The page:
March 27, 2003
1. This supplement provides an update on economic and policy developments since the staff report was issued on March 18, 2003. The staff appraisal remains valid.
2. Financial markets remain resilient in the face of hostilities in Iraq. The rupiah has continued to trade in a narrow range and, after a modest decline last week, has strengthened back to below Rp 9,000 per U.S. dollar. Central bank intervention has been small, and the end-March target for NIR should be met with a margin. Equity prices have also remained stable.
3. The staff’s growth forecast for 2003 (3½ percent) remains unchanged. However, the outlook is subject to increased uncertainty and will depend on the reaction of consumer and investor sentiment to both world events and domestic developments. Recent macroeconomic indicators are broadly positive. The decline in tourist arrivals has been less than anticipated, with arrivals in January down 9 percent from the previous year (although arrivals in Bali were down 28 percent). Foreign investment approvals for the first two months of 2003 were $2.3 billion, up sharply from $1.0 billion in the same period last year.
4. IBRA continues to make progress on its 2003 asset recovery program. Notably, on March 21 IBRA announced that three bidders for Bank Danamon (one foreign-led and two local consortia) had been shortlisted. Final bids are due in mid-April, with the winning bid expected to be announced shortly thereafter.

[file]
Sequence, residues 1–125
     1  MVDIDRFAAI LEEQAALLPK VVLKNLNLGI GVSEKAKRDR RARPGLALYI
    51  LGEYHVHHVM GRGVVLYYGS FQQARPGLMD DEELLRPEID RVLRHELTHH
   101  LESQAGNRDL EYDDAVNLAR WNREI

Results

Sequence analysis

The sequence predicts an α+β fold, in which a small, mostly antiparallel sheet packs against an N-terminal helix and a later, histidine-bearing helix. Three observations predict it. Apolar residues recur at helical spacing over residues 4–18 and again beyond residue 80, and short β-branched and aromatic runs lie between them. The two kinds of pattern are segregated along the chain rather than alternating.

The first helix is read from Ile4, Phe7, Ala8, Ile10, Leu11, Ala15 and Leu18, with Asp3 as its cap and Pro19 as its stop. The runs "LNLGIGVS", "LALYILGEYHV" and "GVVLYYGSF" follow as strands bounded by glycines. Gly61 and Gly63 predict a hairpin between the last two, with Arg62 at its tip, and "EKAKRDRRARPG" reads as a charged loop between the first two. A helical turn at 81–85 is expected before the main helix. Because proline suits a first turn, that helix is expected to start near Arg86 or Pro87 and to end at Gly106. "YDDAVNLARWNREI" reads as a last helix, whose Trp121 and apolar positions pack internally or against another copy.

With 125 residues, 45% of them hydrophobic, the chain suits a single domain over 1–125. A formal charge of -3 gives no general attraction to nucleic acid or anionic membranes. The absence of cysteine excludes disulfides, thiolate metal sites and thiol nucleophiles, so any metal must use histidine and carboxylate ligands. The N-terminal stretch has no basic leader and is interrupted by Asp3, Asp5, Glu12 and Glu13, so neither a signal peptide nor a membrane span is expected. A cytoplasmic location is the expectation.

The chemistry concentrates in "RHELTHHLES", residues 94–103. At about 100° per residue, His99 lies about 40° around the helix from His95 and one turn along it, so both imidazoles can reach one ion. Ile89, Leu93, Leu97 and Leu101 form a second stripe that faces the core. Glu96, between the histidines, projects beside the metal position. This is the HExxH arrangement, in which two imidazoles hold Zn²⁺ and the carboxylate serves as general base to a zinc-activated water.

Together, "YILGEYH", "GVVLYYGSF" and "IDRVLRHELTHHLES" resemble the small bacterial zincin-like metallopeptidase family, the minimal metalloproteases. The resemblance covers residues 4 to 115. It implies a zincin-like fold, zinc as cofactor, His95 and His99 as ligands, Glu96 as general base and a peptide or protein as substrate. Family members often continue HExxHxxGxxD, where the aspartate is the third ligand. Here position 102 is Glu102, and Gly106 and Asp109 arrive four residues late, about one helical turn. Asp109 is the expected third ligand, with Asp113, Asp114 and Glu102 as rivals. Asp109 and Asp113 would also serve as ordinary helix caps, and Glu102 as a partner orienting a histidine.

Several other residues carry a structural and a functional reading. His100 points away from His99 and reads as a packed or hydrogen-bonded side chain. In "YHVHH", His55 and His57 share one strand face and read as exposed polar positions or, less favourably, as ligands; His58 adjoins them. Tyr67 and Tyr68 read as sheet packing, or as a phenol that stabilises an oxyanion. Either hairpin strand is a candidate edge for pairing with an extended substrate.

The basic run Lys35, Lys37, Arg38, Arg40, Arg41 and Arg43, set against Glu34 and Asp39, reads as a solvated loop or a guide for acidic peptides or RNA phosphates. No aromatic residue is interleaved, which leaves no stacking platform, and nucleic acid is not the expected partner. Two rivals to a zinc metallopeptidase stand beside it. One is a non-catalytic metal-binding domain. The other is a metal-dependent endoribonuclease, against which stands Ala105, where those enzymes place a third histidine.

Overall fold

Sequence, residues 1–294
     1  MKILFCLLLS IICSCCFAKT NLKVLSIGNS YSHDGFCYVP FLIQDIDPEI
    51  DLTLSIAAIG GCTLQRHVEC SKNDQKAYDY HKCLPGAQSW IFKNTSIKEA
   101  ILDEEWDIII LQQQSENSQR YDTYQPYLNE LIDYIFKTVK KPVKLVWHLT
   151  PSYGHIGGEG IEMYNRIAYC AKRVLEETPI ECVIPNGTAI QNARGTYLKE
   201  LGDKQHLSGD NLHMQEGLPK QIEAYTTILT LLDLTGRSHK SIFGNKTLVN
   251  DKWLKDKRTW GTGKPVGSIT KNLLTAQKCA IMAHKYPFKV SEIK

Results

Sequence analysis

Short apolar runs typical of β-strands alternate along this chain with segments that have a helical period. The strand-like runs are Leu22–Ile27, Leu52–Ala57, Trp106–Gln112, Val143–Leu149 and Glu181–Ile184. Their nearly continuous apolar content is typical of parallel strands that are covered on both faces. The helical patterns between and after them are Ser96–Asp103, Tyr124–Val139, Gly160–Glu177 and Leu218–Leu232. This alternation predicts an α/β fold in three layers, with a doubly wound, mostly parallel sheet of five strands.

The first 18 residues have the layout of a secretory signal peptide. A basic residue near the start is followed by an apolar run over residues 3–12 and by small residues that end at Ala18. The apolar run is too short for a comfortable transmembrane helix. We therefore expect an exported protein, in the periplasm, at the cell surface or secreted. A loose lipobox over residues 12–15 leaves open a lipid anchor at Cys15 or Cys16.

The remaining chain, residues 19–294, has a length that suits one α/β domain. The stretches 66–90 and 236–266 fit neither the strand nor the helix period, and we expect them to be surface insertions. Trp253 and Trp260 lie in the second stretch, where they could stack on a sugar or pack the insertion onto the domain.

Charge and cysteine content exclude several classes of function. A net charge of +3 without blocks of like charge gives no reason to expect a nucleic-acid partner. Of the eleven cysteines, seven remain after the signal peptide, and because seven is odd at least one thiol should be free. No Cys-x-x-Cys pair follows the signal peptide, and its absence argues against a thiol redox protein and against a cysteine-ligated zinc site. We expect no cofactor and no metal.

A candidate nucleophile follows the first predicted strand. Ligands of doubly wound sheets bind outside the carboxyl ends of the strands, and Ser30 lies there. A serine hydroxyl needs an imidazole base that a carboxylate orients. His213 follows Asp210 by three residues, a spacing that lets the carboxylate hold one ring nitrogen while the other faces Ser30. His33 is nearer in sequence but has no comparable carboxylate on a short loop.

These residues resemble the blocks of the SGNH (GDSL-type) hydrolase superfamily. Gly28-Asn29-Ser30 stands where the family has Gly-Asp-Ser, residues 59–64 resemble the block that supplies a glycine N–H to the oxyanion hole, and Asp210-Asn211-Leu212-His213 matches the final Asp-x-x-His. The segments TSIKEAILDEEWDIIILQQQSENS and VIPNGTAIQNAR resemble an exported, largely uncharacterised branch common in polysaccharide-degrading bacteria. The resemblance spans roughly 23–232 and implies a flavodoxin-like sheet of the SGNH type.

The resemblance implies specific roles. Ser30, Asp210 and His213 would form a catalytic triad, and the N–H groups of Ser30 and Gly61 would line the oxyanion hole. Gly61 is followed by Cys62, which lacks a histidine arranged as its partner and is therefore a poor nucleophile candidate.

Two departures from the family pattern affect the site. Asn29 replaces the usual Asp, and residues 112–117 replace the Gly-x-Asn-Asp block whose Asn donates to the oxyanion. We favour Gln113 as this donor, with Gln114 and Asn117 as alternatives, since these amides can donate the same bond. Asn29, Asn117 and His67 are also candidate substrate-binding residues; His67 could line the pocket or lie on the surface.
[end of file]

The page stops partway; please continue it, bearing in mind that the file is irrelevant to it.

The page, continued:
5. With respect to the safeguards process, discussions have continued with the authorities on steps to strengthen BI’s external audit mechanism. In particular, the staff is continuing to encourage the involvement of an independent accounting firm in BI’s external audit mechanism for its 2002 financial accounts. The involvement of such a firm in the review of BI’s foreign exchange reserves at end-2002 identified a series of control weaknesses, as well as data discrepancies that gave rise to an upward revision to NIR and a change in the reporting methodology of NIR data to the Fund. BI’s auditor, the Supreme Audit Agency, acknowledges the need for further capacity building, but has indicated a preference to work with other state audit agencies, which it believes have relevant expertise, rather than to engage an independent firm. The staff believes that the involvement of an independent firm is necessary at the present time to provide assurances of the quality of BI’s financial statements. The staff will maintain a dialogue with the authorities on this issue, with a view to achieving a solution consistent with the Fund’s safeguards policy, and will provide an update at the next review.